And then there's Apple Pay, which has the potential to revolutionize how the world buys things. If the service is successful, Apple could get a tiny piece of potentially tens of billions of credit and debit card transactions each year all over the world. Based on my understanding of how it works, it has all the ingredients for success: it's super-easy to use and it's far more secure and private than the current system, which we know is deeply flawed. There will be millions of iPhones that could start using the system beginning next month—as many as 80 million by year end—and Apple has already signed up the biggest players in the credit card industry.

There's still lots to like about Apple.

Full disclosure: I am long AAPL as of the time of this writing, and have been for many years.

UPDATE: Here's a terrific review of the Apple Watch by the watch pro Benjamin Clymer (HT: John Gruber). It helps you appreciate the tremendous amount of work and detail that Apple has put into this. The variety and beauty of the watch cases and straps is simply amazing. This is much more than just a digital watch.

5 comments:

sgt.red.blue.red said...

I wish they would have stuck with the 3.7 or 4 inch screen.

Why did they have to dumb it down?

What happened to choice?

Scott Grannis said...

I believe Apple will still be offering the iPhone 5.

Benjamin Cole said...

Huge kudos to Scott Grannis on his smart Apple call. A simply incredible company, making the best products. Wow.

My concerns about Apple are that it eventually goes down the GM, IBM Microsoft road. these companies were all tech leaders at one point.

Steve Jobs, the spark plug, has unfortunately passed on. Apple is building the fanciest corporate campus-HQ possible.

Armonk, NY?

Something happens in large successful companies. I suspect management begins to think perks, not market share. Pensions, not gutting rivals.

The private sector always does more for less. Self-dealing gets rubbed out pretty quickly.

Perhaps Apple will be different. Maybe they have a cooperate culture that will not ossify. But surely GM, IBM and Microsoft were sexy at one time too.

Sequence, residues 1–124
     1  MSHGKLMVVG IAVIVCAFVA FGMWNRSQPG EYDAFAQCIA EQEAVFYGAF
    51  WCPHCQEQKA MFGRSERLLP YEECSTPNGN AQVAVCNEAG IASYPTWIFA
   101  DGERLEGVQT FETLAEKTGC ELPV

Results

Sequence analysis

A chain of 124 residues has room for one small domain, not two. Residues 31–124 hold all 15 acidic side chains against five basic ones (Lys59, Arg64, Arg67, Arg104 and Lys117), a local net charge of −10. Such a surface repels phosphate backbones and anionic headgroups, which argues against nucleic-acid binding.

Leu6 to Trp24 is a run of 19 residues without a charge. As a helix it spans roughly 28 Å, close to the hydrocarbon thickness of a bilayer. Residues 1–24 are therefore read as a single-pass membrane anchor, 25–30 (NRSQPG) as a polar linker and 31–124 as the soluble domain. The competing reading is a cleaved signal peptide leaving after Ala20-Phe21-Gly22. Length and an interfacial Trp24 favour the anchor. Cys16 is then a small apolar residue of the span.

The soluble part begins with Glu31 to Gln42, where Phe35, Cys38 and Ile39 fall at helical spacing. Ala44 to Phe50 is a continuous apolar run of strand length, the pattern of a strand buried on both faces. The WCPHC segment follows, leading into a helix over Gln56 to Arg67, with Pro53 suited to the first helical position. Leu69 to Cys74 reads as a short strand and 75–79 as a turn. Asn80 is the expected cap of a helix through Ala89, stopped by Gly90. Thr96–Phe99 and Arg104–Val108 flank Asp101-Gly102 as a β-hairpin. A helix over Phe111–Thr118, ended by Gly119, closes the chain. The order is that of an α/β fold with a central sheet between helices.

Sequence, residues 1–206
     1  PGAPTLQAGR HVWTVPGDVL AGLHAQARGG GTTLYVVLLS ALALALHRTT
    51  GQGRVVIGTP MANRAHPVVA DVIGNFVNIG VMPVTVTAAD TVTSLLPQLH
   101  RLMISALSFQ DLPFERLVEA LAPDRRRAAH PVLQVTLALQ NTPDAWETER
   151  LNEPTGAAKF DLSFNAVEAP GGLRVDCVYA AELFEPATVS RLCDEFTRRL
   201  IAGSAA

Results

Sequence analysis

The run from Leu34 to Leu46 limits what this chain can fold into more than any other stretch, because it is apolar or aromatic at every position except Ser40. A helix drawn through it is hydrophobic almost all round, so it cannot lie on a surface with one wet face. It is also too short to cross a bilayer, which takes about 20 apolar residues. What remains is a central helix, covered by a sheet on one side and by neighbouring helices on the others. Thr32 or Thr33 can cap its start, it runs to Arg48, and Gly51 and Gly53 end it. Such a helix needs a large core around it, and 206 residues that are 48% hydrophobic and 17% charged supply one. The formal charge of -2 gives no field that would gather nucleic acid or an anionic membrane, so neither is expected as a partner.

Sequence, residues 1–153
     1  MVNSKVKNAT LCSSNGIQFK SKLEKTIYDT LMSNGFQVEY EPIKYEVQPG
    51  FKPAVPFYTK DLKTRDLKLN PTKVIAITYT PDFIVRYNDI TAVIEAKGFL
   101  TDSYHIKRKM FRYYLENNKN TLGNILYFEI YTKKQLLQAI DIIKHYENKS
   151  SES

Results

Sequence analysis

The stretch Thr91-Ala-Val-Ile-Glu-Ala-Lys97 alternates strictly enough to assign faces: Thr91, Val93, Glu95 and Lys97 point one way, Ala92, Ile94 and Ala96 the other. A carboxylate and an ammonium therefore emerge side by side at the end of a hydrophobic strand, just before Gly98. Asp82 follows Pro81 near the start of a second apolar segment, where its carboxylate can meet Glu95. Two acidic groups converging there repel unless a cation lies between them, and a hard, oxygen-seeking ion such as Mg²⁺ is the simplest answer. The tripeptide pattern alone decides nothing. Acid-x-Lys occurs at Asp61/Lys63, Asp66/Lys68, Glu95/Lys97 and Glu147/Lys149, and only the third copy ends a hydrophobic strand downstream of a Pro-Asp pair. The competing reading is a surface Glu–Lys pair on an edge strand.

But hey, Scott Grannis made the right call on Apple so far. This one he hit so far into the bleachers that any commentary is just quibbling.

But keep an eye out in the on-deck circle.

randy said...

Regarding Apple Pay - I think it is the most under-appreciated new revenue opportunity for Apple. The security features are really good, the convenience is great. It won't happen overnight though, as retailers have to upgrade their POS equipment, and it will be a long, long time until you feel OK not to carry plastic.

What I was hoping for though, was that Apple would bypass the credit card processors entirely, and allow you to directly connect to your checking account. The merchant banks and Visa (et all) are THIEVES - taking 3-4% of revenues for processing card payments is a joke. If Apple could do it for 0.5%, retailers would MUCH more quickly jump on equipment upgrades, and Apple would profit immensely. People trust Apple. Maybe Apple is reluctant to make enemies of the merchant banks and Visa. Maybe the are reluctant to assume some of the fraud detection and liability. Maybe that actually is their long term plan. I hope so - it would be better for merchants and make Apple immensely rich.

Nidhi Singh said...

As I suppose after launching the apple iPhone 6, it's graph should be grow high, but if we talk about Microsoft than the comparison is worth less, regards Epic research.